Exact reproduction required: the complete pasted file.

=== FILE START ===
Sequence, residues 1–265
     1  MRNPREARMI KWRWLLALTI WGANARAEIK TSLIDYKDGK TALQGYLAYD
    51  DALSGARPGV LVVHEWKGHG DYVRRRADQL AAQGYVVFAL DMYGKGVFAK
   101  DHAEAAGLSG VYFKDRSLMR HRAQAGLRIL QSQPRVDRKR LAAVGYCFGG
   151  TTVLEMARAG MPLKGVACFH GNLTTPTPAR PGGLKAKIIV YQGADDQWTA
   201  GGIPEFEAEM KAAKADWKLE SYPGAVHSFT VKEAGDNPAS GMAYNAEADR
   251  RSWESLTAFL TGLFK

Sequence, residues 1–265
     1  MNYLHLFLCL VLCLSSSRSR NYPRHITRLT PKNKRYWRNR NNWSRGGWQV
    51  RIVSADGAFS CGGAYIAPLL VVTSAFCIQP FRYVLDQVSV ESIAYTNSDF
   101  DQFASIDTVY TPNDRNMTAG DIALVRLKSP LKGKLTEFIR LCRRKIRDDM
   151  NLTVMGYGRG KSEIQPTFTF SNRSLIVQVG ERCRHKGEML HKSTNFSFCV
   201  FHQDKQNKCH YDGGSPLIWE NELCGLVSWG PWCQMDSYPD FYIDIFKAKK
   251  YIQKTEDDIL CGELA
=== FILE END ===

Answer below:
Sequence, residues 1–265
     1  MRNPREARMI KWRWLLALTI WGANARAEIK TSLIDYKDGK TALQGYLAYD
    51  DALSGARPGV LVVHEWKGHG DYVRRRADQL AAQGYVVFAL DMYGKGVFAK
   101  DHAEAAGLSG VYFKDRSLMR HRAQAGLRIL QSQPRVDRKR LAAVGYCFGG
   151  TTVLEMARAG MPLKGVACFH GNLTTPTPAR PGGLKAKIIV YQGADDQWTA
   201  GGIPEFEAEM KAAKADWKLE SYPGAVHSFT VKEAGDNPAS GMAYNAEADR
   251  RSWESLTAFL TGLFK

Sequence, residues 1–265
     1  MNYLHLFLCL VLCLSSSRSR NYPRHITRLT PKNKRYWRNR NNWSRGGWQV
    51  RIVSADGAFS CGGAYIAPLL VVTSAFCIQP FRYVLDQVSV ESIAYTNSDF
   101  DQFASIDTVY TPNDRNMTAG DIALVRLKSP LKGKLTEFIR LCRRKIRDDM
   151  NLTVMGYGRG KSEIQPTFTF SNRSLIVQVG ERCRHKGEML HKSTNFSFCV
   201  FHQDKQNKCH YDGGSPLIWE NELCGLVSWG PWCQMDSYPD FYIDIFKAKK
   251  YIQKTEDDIL CGELA